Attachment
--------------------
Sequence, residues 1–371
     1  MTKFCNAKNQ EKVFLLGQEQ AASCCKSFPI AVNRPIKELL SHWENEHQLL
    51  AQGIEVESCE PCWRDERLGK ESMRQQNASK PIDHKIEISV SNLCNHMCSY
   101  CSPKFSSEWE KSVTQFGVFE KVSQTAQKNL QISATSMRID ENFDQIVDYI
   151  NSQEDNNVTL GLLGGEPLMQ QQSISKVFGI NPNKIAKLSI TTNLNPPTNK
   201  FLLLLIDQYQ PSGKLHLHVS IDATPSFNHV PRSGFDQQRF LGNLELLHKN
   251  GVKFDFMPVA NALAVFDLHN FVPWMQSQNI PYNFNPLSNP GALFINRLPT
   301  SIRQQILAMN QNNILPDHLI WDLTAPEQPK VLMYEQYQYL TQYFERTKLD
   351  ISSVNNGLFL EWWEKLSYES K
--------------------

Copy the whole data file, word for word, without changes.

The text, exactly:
Sequence, residues 1–371
     1  MTKFCNAKNQ EKVFLLGQEQ AASCCKSFPI AVNRPIKELL SHWENEHQLL
    51  AQGIEVESCE PCWRDERLGK ESMRQQNASK PIDHKIEISV SNLCNHMCSY
   101  CSPKFSSEWE KSVTQFGVFE KVSQTAQKNL QISATSMRID ENFDQIVDYI
   151  NSQEDNNVTL GLLGGEPLMQ QQSISKVFGI NPNKIAKLSI TTNLNPPTNK
   201  FLLLLIDQYQ PSGKLHLHVS IDATPSFNHV PRSGFDQQRF LGNLELLHKN
   251  GVKFDFMPVA NALAVFDLHN FVPWMQSQNI PYNFNPLSNP GALFINRLPT
   301  SIRQQILAMN QNNILPDHLI WDLTAPEQPK VLMYEQYQYL TQYFERTKLD
   351  ISSVNNGLFL EWWEKLSYES K